In addition to single field indexes, MongoDB gives us the ability to create compound indexes. Compound indexes contain references to multiple fields within a document and support queries that match on multiple fields. Let’s have a look at the syntax for creating a compound index:

db.<collection>.createIndex({ <field>: <type>, <field2>: <type>, … })

Similar to single field indexes, MongoDB will scan our index for matching values, then return the corresponding documents. With compound indexes, the order of fields is important. To understand why, let’s return to our example from the first exercise about the university president.

Imagine that as president we wanted to plan reunions not just for students who studied abroad during a particular year, but also for students who studied abroad in a particular country. We could create a compound index on two fields: study_abroad_nation and year_abroad, like so:

db.students.createIndex({ study_abroad_nation: 1, year_abroad: -1 });

This creates a single index that references two fields: study_abroad_nation in ascending, or alphabetical order, and year_abroad in descending, or reverse chronological order.

Because of how the fields are ordered, references within this index will be sorted first by the study_abroad_nation field. Within each value of the study_abroad_nation field, references will be sorted by the year_abroad field. This is an important consideration in determining how well our indexes will be able to support sort operations in our queries.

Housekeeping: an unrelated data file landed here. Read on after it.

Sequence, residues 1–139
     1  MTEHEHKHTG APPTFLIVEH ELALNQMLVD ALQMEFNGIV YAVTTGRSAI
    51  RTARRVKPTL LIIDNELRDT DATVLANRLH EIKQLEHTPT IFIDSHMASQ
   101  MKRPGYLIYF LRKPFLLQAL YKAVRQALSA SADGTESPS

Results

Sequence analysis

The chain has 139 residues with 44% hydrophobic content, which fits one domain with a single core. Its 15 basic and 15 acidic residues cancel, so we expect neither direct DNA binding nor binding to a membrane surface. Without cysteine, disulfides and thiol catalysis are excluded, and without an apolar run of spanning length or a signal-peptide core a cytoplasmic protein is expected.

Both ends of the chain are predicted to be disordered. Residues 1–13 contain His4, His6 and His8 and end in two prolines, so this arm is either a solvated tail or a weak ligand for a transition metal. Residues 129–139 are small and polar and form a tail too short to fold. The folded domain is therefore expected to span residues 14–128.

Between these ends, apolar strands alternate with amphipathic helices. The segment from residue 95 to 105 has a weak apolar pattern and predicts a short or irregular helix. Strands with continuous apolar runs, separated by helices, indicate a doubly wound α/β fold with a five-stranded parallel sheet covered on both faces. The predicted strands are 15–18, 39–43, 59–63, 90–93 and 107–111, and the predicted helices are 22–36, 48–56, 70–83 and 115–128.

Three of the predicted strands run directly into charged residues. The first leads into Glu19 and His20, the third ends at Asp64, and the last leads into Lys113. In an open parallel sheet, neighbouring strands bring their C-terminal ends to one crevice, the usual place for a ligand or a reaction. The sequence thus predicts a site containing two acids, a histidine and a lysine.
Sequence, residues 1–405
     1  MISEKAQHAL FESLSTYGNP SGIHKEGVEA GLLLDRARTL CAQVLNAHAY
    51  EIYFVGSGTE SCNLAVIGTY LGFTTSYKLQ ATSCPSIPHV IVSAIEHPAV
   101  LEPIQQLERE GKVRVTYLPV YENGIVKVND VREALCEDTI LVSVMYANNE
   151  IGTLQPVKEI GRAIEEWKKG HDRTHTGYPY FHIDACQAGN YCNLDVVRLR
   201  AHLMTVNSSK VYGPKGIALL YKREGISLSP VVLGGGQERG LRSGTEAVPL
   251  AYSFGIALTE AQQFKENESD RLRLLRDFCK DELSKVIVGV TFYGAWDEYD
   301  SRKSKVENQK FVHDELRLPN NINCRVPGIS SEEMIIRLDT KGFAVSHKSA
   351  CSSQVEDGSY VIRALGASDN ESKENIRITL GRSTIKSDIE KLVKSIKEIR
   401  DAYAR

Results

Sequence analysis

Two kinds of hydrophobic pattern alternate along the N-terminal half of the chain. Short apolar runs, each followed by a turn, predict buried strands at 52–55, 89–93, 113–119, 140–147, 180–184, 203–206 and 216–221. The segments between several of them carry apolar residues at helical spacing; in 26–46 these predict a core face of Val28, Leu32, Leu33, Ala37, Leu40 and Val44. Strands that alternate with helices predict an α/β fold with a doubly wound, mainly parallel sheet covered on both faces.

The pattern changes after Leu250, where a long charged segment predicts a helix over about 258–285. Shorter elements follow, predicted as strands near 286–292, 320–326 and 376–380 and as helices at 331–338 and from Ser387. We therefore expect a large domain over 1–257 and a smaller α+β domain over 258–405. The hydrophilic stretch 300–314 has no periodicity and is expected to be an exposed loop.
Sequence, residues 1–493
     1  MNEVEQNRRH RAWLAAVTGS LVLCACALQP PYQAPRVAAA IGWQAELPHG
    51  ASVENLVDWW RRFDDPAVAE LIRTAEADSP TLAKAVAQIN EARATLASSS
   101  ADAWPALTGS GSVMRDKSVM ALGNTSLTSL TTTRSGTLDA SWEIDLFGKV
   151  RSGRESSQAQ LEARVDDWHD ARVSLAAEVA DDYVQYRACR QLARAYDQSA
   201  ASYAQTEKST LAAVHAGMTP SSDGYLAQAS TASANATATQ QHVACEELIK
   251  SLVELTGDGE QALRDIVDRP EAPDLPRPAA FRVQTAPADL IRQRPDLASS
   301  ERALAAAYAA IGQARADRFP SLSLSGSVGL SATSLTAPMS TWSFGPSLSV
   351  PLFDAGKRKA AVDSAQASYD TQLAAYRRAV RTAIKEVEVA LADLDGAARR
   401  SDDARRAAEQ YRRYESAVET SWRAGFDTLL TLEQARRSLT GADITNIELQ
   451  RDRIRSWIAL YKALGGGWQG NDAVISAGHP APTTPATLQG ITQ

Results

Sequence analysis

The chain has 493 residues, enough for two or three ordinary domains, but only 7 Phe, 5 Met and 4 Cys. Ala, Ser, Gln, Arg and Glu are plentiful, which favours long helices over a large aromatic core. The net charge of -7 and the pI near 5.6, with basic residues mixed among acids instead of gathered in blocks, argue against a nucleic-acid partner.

Now that we’ve created this compound index, anytime we query on these two fields, MongoDB will automatically employ this index to support our search.

The below query would be a use case for our compound index:

db.students.find({ study_abroad_nation: "Brazil", year_abroad: 2012 });

Compound indexes can also support queries on any prefix, or a beginning subset of the indexed fields. For example, consider the following compound index:

db.students.createIndex({ study_abroad_nation: 1, year_abroad: -1, graduation_year: 1 });

In addition to supporting a query that matches on the study_abroad_nation, year_abroad and graduation_year fields, this index would also be able to support queries on the following fields:

  • study_abroad_nation
  • study_abroad_nation and year_abroad

This index would not, however, be able to support queries on the following fields:

  • year_abroad
  • year_abroad and graduation_year

Unnecessary indexes can slow down our program, so it’s worth considering if a compound index would be more efficient than creating multiple distinct single-field indexes.

Let’s practice creating and using compound indexes!



We’ve realized that creating one compound index would be more efficient than two single field indexes. Using the same listingsAndReviews collection, create an index based on the fields borough and cuisine so that the results would be in ascending order for borough and descending order for cuisine.


Using the new compound index, we want to query only Chinese restaurants with a restaurant_id greater than "42000000". Create a query that satisfies these parameters.

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